That’s nominally true for earned income, but the rent you point out below it is often either compensated as capitol gains or through some other business structure that isn’t legally considered income. Thats how Warren Buffet famously says he pays less in taxes then his secretary. Addressing just that issue would go a long way to changing this whole ball o wax.Report

    • Avatar Dave in reply to Philip H
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      says:

      Addressing carried interest…

      Yeah good luck with that.

      That structure is most commonly used by real estate owners, especially in development deals. I’d think you’d want development seeing as it means union jobs and other middle class jobs.

      Doesn’t sound like a smart idea to me. Why make the cost to build more expensive?Report

  5. Avatar Michael Siegel
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    says:

    “It’s time to start admitting that not paying taxes is the exact same thing as receiving Federal benefits.”

    No, they’re really not. One is you keeping your own money. The other is taking other people’s money. A more accurate phrasing for when people get tax breaks is that someone else is paying their taxes. But it should be noted that when you account for all taxes — sales, etc. — the tax burden goes up dramatically with income. And the US system is far more progressive than most other systems, where you have to use heavy middle class taxes to fund social welfare systems.

    “They still pay property taxes, incorporated into their rent expenses.”

    Disagree with this statement. I’m a landlord and I pay taxes whether the place is rented or not.Report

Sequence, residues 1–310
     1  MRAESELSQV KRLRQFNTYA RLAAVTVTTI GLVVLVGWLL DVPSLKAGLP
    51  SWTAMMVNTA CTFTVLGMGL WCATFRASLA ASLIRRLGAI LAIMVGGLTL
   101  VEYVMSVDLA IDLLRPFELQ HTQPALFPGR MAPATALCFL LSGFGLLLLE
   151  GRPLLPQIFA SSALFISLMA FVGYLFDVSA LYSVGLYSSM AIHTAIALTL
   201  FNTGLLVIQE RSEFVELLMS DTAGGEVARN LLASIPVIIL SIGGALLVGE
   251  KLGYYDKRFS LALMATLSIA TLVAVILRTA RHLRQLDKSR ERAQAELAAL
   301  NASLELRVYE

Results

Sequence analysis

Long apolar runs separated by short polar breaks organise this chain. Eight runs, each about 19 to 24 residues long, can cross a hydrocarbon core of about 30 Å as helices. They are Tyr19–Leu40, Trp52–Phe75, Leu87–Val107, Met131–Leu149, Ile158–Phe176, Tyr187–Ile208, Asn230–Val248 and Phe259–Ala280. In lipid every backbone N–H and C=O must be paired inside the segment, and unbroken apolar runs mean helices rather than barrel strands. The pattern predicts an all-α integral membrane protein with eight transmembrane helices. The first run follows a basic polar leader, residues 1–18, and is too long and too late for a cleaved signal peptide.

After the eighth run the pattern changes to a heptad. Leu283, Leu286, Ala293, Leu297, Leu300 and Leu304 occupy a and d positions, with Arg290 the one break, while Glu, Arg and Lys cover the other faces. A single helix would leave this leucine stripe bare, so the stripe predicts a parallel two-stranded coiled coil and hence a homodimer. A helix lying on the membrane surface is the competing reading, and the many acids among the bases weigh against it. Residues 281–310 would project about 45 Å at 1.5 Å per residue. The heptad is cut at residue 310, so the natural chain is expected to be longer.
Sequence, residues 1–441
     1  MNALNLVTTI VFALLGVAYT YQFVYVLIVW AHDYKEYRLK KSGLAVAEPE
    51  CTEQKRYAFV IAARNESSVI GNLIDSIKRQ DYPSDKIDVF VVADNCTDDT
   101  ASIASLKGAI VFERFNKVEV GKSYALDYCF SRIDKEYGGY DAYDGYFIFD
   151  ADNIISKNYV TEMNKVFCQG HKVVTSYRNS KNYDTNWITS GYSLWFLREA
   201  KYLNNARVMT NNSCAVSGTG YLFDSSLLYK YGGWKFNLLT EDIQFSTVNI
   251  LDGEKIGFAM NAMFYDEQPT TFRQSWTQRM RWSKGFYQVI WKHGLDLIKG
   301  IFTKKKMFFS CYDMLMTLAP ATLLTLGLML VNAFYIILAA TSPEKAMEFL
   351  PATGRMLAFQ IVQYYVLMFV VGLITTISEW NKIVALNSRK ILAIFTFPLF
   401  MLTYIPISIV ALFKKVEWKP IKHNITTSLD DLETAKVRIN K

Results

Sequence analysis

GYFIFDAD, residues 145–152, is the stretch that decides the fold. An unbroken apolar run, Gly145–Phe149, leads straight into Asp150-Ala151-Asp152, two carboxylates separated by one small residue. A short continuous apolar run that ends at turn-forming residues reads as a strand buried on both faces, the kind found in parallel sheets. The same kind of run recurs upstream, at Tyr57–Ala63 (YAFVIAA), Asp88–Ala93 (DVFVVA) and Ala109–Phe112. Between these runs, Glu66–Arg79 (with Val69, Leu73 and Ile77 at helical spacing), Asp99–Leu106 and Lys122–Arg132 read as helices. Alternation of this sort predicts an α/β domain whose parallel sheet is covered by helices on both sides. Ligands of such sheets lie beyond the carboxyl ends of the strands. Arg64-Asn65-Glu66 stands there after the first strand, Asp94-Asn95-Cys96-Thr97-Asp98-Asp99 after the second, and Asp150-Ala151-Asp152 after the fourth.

• Avatar Mike Dwyer in reply to Michael Siegel
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      says:

      I will also note that my wife and I make a solidly middle class income, own a home and have no dependents. We break even on our taxes. The tax code is heavily tilted towards parents, not home owners, so it seems like the message about home ownership might be much ado about nothing.Report

    • Avatar Pinky in reply to Michael Siegel
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      says:

      I agree with your point that keeping your money is different than taking other people’s money. But the truth is, when people get tax breaks, or receive benefits, or have lower rates, there really isn’t anyone paying the money to balance the accounts. The real moochers of America are everyone. We’re putting about 25% of our federal bills onto our national credit card.Report

      • Avatar JoeSal in reply to Pinky
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        says:

        Doesn’t the final tally have the currency value reach zero? I mean the account eventually gets balanced.Report

        • Avatar Pinky in reply to JoeSal
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          says:

          We’re shoplifting 25% of what we leave the store with. Eventually the accounts get balanced, sure. The shopkeeper loses money, or the cost of the items we do purchase goes up. Doesn’t make us any less moochers.Report

          • Avatar JoeSal in reply to Pinky
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            says:

            So is it Hyper-moochers, Super-moochers, or maybe Alpha-moochers?Report

            • Avatar JoeSal in reply to JoeSal
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              says:

              Also, are we supposed to act “surprised” when the currency value hits zero?Report

              • Avatar Jaybird in reply to JoeSal
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                says:

                I imagine that it will happen so slowly that people won’t really notice *OR* they won’t make causal connections.

                “Holy cow! I’m making $X/year!” they’ll think. “When I was a kid, that number seemed so far out of reach! I guess I’ve finally made it!”

                Followed by “I can’t believe it’s $5 for a pint of blackberries.”

                You’d need something like “Wow. I can’t believe that 80″ televisions are only $1200!” to help soften the blow.

                I imagine.Report

              • Avatar JoeSal in reply to Jaybird
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                says:

                Meh, it’s the years when zero becomes privileged.